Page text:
Modeling Dynamic Phases in Stellar Evolution using Multidimensional Hydrodynamics Simulations

Philipp Edelmann

Heidelberg Institute for Theoretical Studies, Germany

\( \newcommand{\PD}[2]{\frac{\partial#1}{\partial#2}} \renewcommand{\vec}[1]{\mathbf{#1}} \newcommand{\ord}{\mathcal{O}} \newcommand{\Mr}{M_\text{r}} \newcommand{\msol}{M_{\odot}} \newcommand{\rsol}{R_{\odot}} \newcommand{\nabad}{\nabla_\text{ad}} \newcommand{\HP}{H_P} \newcommand{\CFL}{\text{CFL}} \)


  • spherical symmetry
  • no dynamical effects
  • turbulence model with free parameters
  • no enforced symmetry
  • full equations of fluid dynamics
  • turbulence from first principles

Low Mach Number Hydrodynamics


Mach number $M = \frac{u}{c} = \frac{\text{fluid velocity}}{\text{speed of sound}}$


Flows in the stellar interior are usually at low Mach numbers.

speed of sound $c = \sqrt{\gamma \frac{p}{\rho}} \propto \sqrt{\frac{T}{\mu}}$

Gresho Vortex

Standard Roe Scheme

Gresho vortex

prec. Roe

Gresho vortex

kinetic energy

Kelvin–Helmholtz Instability

Other Approaches

  • modify underlying equations
  • e.g. anelastic approximation, Maestro, …

works well for flows with only low Mach numbers

intermediate Mach numbers ($\sim 10^{-1}$) or mixed case needs the full Euler equations

The Tool

Seven-League Hydro (SLH) Code

F. Miczek, F. K. Röpke, P. V. F. Edelmann

Alejandro Bolaños, Aron Michel, Jonas Berberich, Florian Lach

The Grid

  • Cartesian grids are badly adapted to spherical stars
  • Spherical grids have singularities (center, axis)
  • Map Cartesian computational grid to curvilinear grid
  • Code stays simple, geometry encoded in metric terms

Implicit Hydrodynamics

time step constraint for stability
$\Delta t_\text{explicit} \le \CFL{} \frac{\Delta x}{|u + c|} \stackrel{u \ll c}{\approx} \CFL{} \frac{\Delta x}{c}$
sound crosses one cell per step
time step constraint for accuracy
$\Delta t_\text{implicit} \le \CFL{} \frac{\Delta x}{|u|}$
fluid crosses one cell per step
  • Implicit time steps are larger by a factor of $1/M$.
  • At each step a non-linear system has to be solved using Newton–Raphson.
  • We need iterative linear solvers to invert the huge Jacobian.
  • In SLH implicit time-stepping is more efficient for $M\lesssim0.1$.

Dynamical Shear

Raphael Hirschi (Keele) and Cyril Georgy (Geneva)
Friedrich Röpke (HITS), Leonhard Horst (Würzburg)

Maeder (2009)

Dynamical Shear

image credit: Maeder (2009), originally Talon (1997)

The Quest for a Good Initial Model

  • should become shear unstable in stellar evolution code
  • should not show other instabilities at the same time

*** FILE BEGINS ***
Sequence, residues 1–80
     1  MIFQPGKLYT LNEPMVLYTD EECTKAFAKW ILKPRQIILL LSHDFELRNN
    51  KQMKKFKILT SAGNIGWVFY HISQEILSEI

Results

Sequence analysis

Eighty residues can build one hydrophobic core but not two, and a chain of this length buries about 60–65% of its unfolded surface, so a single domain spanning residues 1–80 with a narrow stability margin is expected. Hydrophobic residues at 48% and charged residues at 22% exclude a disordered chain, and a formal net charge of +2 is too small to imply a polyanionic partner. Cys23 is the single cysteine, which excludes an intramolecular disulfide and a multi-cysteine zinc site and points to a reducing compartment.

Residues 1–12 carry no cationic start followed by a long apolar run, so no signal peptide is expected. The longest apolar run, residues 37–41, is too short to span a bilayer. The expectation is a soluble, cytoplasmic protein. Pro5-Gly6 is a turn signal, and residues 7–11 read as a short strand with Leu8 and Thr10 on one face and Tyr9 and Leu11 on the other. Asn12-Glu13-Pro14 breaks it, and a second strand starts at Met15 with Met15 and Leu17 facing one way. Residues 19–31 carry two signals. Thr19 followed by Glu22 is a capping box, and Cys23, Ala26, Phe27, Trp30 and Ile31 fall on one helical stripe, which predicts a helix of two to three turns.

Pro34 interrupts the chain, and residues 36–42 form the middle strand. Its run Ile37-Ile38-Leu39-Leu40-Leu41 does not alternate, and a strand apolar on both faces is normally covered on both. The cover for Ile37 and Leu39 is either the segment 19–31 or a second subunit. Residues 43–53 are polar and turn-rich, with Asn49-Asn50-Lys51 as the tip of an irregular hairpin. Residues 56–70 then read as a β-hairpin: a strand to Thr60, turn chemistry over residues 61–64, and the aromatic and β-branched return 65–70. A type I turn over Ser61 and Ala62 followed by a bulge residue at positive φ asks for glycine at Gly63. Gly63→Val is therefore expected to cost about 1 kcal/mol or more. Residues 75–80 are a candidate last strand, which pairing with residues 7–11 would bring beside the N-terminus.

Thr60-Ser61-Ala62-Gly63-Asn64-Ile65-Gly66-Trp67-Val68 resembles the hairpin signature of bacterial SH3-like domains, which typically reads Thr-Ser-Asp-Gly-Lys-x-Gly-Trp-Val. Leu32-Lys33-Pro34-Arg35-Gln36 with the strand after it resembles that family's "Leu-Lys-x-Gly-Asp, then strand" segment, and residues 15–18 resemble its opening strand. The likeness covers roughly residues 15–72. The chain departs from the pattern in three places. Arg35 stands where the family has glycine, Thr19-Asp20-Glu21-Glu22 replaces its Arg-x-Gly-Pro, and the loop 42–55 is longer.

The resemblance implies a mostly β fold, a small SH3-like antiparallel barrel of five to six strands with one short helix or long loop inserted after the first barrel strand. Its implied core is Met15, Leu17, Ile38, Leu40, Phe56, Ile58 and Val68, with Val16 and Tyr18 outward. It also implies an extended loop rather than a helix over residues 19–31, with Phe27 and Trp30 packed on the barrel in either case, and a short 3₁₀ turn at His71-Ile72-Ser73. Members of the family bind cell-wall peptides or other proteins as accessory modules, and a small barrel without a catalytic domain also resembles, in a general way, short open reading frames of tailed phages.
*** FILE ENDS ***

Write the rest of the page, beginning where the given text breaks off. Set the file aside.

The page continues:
• ideally similar time scale in stellar evolution and hydro code

a lot of work by R. Hirschi

  • $20\,M_\odot$ ZAMS star, 40% crit. rotation
  • core O burning phase
  • Ne burning shell
  • convectively stable
  • Ri unstable

Simulation with GENEC

Simulations with SLH

  • 2D equatorial plane
  • more than 6 hours of physical time
  • special mapping of GENEC data to keep convective stability

Evolution of Angular Momentum

Evolution of Mean Atomic Mass

Evolution of Richardson Number

First 3D work

by Leonhard Horst

  • not straightforward to map model to 3D
  • strict shellular rotation cannot always be upheld, while keeping a stable model
  • some modifications to $\Omega$ profile to get a stable model in the equatorial plane


Convective Overshooting in Pop III stars

Alexander Heger (Monash), Friedrich Röpke (HITS)


  • zero metallicity initial model
  • core He burning produced already significant amount of $^{12}\text{C}$
  • H burning shell with $X(^{12}\text{C})=10^{-9}$
  • convective core grows, reaches H burning shell

$250\,\msol$ star ($Z=0$) during core He burning

3D box (2013)

$128^3$ grid for about 4 days

Mach number


energy release

3D wedge (2014)

$512^3$ grid

Next Steps

  • start simulation right before overshooting reaches H shell
  • include core using cubed sphere


  • In many aspects stars should be treated as 3D, dynamical objects.
  • SE codes are still needed to cover evolutionary timescale.
  • Low Mach numbers require special numerical methods.
  • Fully implicit, 3D hydro is possible and scales well to large supercomputers.
  • We can now look at many poorly understood phenomena from stellar evolution in greater detail using hydro simulations.